How to Evaluate Your Personal Budget

This final number that you have calculated will be the amount of money that you should have left over at the end of the month if you adhere to the budget that you have just calculated. A negative figure represents having more expenses than income. If the figure is positive, then you will have money left over at the end of the month. Once you have gone through the process of creating a budget, you will be able to adjust your monthly budget very easily, and using your tax refund, you will be able to calculate how to pay off existing debts using this handy Excel spreadsheet.

Elizabeth Roberts

Elizabeth Roberts

Liz Roberts and her team are continuously providing information to people who are ready to repair their credit and improve their credit score. Also team strives to empower the homebased and small business owners by bringing information that can help them to manage and grow their businesses. Let our 24+ years of business finance experience help you to get the financing you need! CONTACT US if need financing for your business.

  1. Great post as so many people I know are using their refunds to pay off their debts and to go on vacation, which in the end could rack up more debt if they are not careful.

  2. This is why I would not want to get into debt if I could help it. I do not use my credit card unless I have to because I look forward taking the vacation of my choice and paying for it from my refund. Would not want to pay credit card debt with it.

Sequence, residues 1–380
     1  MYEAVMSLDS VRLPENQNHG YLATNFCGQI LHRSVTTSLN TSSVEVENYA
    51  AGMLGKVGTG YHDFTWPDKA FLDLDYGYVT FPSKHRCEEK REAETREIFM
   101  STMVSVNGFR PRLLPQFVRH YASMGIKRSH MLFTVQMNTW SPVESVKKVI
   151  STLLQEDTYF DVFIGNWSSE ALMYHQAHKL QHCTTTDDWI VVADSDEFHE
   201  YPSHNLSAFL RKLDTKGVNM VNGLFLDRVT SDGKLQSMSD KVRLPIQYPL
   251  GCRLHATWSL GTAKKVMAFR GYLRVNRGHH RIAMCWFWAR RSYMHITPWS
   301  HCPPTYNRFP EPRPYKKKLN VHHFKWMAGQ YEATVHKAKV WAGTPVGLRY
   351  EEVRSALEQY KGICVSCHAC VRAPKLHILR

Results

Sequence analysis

3. I had a horrible experience with racking up debt 10 years ago and it was one of the most stressful times of my life. I did end up paying off a lot of it with my tax refund but it was still not enough. Thankfully I paid it off through other means but now I will not use a credit card unless I have to. Never want to go through that again.

  4. I have been there in the past. It felt liberating to get the refund to know the debt would be paid off however I missed out on spending that refund for the vacation I wanted to take.

  5. Well it is a sad fact that a lot of people have to use their refunds to pay off their debts instead of using it to enjoy themselves. However I would think that they would be thankful to have the money to pay towards their debts which would mean later on less stress.

  6. My debt is too big for me to get out of just by simply using the tax refund, but if possibly I guess it’d be a good start. Year 2012 was the year of loss for me anyways and I’ve got to do lots of calculating to add up all the losses I need to report. It’ll be a pain in the ass. I’m way over my head though. Even it would cost me a little, I may have to speak to a professional debt counselor about my situation.

  7. It never occurred to me that it’d be this difficult to get out of debt, once you dig yourself big enough of a hole. I thought I’d always be able to pay off my debts with time, but real life has a way of surprising you and not in a good way, in the most difficult times and that’s when you get screwed. I’m working hard to get back on my feet and using tax refund to start getting out of debt sounds like a good place to get started.

  8. Hi Michael! That’s definitely a good start. Good luck getting your debts fixed